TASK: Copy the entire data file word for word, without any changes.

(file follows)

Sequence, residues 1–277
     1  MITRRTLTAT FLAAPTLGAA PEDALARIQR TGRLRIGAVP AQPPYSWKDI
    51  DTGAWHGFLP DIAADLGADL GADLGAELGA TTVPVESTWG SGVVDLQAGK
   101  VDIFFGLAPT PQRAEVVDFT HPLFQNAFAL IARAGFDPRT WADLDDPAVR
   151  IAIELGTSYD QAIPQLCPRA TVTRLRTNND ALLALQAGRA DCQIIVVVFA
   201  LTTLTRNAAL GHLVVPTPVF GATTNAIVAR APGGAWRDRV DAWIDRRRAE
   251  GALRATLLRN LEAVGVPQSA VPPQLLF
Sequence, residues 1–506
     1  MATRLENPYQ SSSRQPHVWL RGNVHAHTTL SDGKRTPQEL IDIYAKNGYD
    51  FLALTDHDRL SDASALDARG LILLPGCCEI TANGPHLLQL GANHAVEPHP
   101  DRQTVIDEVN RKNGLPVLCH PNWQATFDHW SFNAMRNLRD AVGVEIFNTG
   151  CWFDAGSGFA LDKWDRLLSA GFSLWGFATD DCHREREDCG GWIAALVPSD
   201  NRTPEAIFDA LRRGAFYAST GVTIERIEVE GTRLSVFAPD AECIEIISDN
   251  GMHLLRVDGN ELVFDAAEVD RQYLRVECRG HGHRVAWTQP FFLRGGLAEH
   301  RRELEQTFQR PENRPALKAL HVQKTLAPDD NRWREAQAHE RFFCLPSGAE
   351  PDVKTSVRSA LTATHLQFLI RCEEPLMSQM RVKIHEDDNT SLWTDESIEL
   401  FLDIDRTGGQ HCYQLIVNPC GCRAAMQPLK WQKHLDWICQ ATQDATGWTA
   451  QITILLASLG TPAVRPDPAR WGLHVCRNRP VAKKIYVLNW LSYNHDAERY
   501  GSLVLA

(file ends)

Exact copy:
Sequence, residues 1–277
     1  MITRRTLTAT FLAAPTLGAA PEDALARIQR TGRLRIGAVP AQPPYSWKDI
    51  DTGAWHGFLP DIAADLGADL GADLGAELGA TTVPVESTWG SGVVDLQAGK
   101  VDIFFGLAPT PQRAEVVDFT HPLFQNAFAL IARAGFDPRT WADLDDPAVR
   151  IAIELGTSYD QAIPQLCPRA TVTRLRTNND ALLALQAGRA DCQIIVVVFA
   201  LTTLTRNAAL GHLVVPTPVF GATTNAIVAR APGGAWRDRV DAWIDRRRAE
   251  GALRATLLRN LEAVGVPQSA VPPQLLF
Sequence, residues 1–506
     1  MATRLENPYQ SSSRQPHVWL RGNVHAHTTL SDGKRTPQEL IDIYAKNGYD
    51  FLALTDHDRL SDASALDARG LILLPGCCEI TANGPHLLQL GANHAVEPHP
   101  DRQTVIDEVN RKNGLPVLCH PNWQATFDHW SFNAMRNLRD AVGVEIFNTG
   151  CWFDAGSGFA LDKWDRLLSA GFSLWGFATD DCHREREDCG GWIAALVPSD
   201  NRTPEAIFDA LRRGAFYAST GVTIERIEVE GTRLSVFAPD AECIEIISDN
   251  GMHLLRVDGN ELVFDAAEVD RQYLRVECRG HGHRVAWTQP FFLRGGLAEH
   301  RRELEQTFQR PENRPALKAL HVQKTLAPDD NRWREAQAHE RFFCLPSGAE
   351  PDVKTSVRSA LTATHLQFLI RCEEPLMSQM RVKIHEDDNT SLWTDESIEL
   401  FLDIDRTGGQ HCYQLIVNPC GCRAAMQPLK WQKHLDWICQ ATQDATGWTA
   451  QITILLASLG TPAVRPDPAR WGLHVCRNRP VAKKIYVLNW LSYNHDAERY
   501  GSLVLA